Old obstacles are gone but new ones may arise for criminal justice reform




The new legislature brings new opportunities for a criminal justice reform movement that’s stalled out at the Capitol over the past couple years — and perhaps some new obstacles, as well.

Two key committee chairmen who have been largely unfriendly to reforms and blocked legislation aimed at making Arizona’s criminal justice system less draconian are gone. And a new criminal justice reform committee in the House of Representatives will likely ensure that bills at least receive a hearing in one chamber, regardless of how they fare in the Senate. Proponents of reform are hoping these developments will help them build on recent successes. 

However, obstacles still remain. Rep. John Allen and Sen. Eddie Farnsworth may be gone from their posts as House and Senate judiciary committee chairmen, but Farnsworth’s successor, Sen. Warren Petersen, could bar the way in the Senate, even if legislation gets out of the friendlier House of Representatives.

“I don’t plan on major criminal justice reform changes in year one,” Petersen, a Gilbert Republican, told the Arizona Mirror via text message.

Still, after several years of unsuccessful attempts, including an ambitious citizen initiative that was kept off the ballot for a lack of signatures last year, advocates of reform are hopeful.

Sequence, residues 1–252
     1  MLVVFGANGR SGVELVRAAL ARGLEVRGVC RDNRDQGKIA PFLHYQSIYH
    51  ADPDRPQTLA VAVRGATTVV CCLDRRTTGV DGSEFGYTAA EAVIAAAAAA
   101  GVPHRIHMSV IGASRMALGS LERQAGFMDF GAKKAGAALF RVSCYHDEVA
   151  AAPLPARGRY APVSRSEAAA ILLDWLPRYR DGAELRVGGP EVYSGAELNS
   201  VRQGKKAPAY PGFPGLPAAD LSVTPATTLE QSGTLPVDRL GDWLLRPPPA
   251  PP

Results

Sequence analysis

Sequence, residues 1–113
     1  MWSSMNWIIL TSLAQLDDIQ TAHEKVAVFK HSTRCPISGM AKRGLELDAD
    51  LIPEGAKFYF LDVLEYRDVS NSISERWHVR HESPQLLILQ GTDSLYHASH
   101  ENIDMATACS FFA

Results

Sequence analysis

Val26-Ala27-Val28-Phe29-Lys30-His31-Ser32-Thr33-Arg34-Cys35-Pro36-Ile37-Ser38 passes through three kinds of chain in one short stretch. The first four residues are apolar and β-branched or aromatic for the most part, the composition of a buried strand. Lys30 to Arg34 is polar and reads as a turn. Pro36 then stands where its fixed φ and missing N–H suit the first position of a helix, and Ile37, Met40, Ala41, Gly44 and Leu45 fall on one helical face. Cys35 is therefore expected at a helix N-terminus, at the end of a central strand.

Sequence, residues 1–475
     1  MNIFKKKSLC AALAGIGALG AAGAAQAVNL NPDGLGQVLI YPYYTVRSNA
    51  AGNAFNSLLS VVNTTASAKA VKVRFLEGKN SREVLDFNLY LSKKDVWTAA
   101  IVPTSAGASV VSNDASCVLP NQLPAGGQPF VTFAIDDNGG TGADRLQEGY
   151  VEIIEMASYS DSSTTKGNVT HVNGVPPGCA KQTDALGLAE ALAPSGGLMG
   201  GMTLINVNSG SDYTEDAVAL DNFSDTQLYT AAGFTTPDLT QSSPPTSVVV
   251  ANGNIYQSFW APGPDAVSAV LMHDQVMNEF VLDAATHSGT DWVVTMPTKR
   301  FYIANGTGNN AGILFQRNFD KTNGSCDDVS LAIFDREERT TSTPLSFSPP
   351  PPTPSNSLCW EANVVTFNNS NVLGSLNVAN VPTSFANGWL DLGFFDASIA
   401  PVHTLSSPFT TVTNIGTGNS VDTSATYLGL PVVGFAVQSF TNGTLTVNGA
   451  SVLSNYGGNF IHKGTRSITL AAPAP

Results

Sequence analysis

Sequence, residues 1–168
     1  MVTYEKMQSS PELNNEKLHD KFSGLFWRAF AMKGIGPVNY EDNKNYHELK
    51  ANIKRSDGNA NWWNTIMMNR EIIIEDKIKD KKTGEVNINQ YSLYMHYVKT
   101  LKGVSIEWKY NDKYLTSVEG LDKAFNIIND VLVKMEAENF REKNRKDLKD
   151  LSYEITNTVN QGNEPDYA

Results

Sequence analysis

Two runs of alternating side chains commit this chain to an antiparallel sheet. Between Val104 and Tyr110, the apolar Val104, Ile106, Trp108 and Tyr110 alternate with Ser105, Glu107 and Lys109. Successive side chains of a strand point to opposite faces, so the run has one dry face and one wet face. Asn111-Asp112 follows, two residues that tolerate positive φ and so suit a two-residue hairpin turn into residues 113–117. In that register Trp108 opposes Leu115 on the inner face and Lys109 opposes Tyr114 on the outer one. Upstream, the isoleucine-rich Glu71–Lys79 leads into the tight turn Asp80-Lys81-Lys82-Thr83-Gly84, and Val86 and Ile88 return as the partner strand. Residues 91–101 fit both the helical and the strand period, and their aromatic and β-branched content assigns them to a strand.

“There are obstacles that need to be overcome, and that will kind of play itself out over the legislative session. But I don’t want to say for certain that this is the year we get something done. But it certainly feels like it could be,” said lobbyist Marilyn Rodriguez, whose firm represents a coalition of organizations pushing for criminal justice reform.

The biggest prize of the reform movement may be a reduction in Arizona’s criminal sentencing laws, which are among the most draconian in the nation. Snowflake Republican Rep. Walt Blackman has been trying to reform those laws since he arrived at the legislature in 2019. 

Arizona’s 1993 “truth-in-sentencing” law requires prison inmates to serve at least 85% of their sentences. Inmates can receive one day of “earned release credits” for every six days they serve if they complete substance abuse or other self-improvement programs. 

In 2019, Blackman couldn’t get a committee hearing for his bill to reduce sentencing requirements, though another, successful proposal sponsored by Farnsworth that year now allows people convicted solely of drug offenses to earn early release after serving at least 70% of their sentences. 

Blackman’s successor bill in 2020 passed out of Allen’s House Judiciary Committee and was approved unanimously by the full House. But it never received a hearing in the Senate Judiciary Committee, a victim, like so many other bills, of the COVID-19 pandemic that forced the legislature to go on hiatus.